Sociolinguistics gives us the foundation blocks for understanding this. We do not need to look to simplistic essentialist ideas of women but rather we look to our unique and proud history and culture as women who have experienced systemic oppression. Our experience as women has led us to experience language and self-expression in ways which mean we are able to be intuitive and gentle in our communicative style when necessary. This means we can communicate on a level with each other which some men find problematic. Feminist historians have demonstrated that women have always had friends, that in periods of history these friendships were central to society. Sociologically, feminist academics have dragged friendship from the shadowy world of the private and domestic sphere into the wider world, where its structural implications and institutional effects can begin to be explored.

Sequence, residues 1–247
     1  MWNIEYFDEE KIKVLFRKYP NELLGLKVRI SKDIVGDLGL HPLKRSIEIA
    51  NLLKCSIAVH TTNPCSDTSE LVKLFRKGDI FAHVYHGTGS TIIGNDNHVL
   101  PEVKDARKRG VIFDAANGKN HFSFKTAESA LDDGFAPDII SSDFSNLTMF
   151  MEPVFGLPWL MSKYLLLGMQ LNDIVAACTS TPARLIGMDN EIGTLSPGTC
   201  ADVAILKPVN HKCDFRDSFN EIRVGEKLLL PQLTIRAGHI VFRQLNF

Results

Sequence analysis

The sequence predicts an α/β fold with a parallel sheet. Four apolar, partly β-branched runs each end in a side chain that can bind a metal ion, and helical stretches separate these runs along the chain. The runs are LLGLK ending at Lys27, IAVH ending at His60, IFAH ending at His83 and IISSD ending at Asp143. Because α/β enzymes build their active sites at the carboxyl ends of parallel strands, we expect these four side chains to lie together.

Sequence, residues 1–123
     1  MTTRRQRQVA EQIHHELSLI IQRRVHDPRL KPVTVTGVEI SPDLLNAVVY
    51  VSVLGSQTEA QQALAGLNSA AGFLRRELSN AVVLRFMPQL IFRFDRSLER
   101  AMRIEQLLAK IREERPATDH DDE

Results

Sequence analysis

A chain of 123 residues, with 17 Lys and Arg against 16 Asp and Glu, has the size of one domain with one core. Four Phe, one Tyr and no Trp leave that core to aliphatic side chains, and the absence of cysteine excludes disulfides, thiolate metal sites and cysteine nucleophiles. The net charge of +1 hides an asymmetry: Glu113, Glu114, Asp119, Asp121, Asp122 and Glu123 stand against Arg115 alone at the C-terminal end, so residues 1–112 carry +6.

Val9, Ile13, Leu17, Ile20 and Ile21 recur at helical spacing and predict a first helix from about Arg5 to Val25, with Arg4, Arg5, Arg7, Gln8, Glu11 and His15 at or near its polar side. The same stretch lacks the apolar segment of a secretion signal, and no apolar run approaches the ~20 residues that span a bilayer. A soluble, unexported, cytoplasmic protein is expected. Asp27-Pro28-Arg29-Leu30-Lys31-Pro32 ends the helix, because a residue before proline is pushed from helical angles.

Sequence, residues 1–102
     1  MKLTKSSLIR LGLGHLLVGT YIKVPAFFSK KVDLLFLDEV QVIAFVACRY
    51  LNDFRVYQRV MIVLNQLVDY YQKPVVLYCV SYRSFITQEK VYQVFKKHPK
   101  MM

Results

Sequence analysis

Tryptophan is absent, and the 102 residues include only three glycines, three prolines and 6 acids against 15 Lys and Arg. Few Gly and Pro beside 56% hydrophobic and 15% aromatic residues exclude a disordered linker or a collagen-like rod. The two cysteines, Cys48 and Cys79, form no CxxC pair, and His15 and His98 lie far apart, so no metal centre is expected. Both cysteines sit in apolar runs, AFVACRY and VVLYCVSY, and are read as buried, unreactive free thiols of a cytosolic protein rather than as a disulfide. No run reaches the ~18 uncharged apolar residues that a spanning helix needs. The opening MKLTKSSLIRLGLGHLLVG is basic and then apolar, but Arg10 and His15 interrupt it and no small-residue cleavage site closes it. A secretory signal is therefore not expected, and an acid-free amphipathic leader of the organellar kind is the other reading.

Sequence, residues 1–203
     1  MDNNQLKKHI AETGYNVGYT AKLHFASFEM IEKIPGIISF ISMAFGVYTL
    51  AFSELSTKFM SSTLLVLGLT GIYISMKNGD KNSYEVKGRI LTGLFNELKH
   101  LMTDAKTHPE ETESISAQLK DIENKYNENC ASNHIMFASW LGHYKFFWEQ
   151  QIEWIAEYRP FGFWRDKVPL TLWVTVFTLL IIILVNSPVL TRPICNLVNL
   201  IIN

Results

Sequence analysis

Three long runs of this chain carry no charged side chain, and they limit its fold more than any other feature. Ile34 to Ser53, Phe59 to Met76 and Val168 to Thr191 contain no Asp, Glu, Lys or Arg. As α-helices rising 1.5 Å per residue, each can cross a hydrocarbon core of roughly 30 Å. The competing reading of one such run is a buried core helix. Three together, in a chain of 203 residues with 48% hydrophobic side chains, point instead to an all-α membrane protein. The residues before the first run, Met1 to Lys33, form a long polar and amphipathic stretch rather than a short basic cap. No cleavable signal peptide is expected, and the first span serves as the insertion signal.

Women’s friendships may not often be noisy sites of powerful resistance and revolution, sometimes they are quite the reverse, but they are places of support and understanding. They are places where women can find fulfilment, knowledge and an escape. They are places where gender politics are discussed, wrapped within the context of the everyday issues of children, partners and work. Important issues are simmering; women are asking what is fair and what is just. The gendered status quo is understood, it is critiqued and it is questioned. Quietly, and perhaps at a slower pace than early feminists may have hoped for, women’s friendships seek to readdress the landscape of women’s lives.

Thinking about women’s friendships is therefore not trivial, it is essential. Let us look at our own friendships and let us ask what is special and what is unique about our ability to love our friends and be nurtured by that experience; where this experience leads us; and how our friendships transform us inside and out.

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Nicola Stott is a PhD candidate at the University Of York, Centre for Women’s Studies. Her background is in Social Work.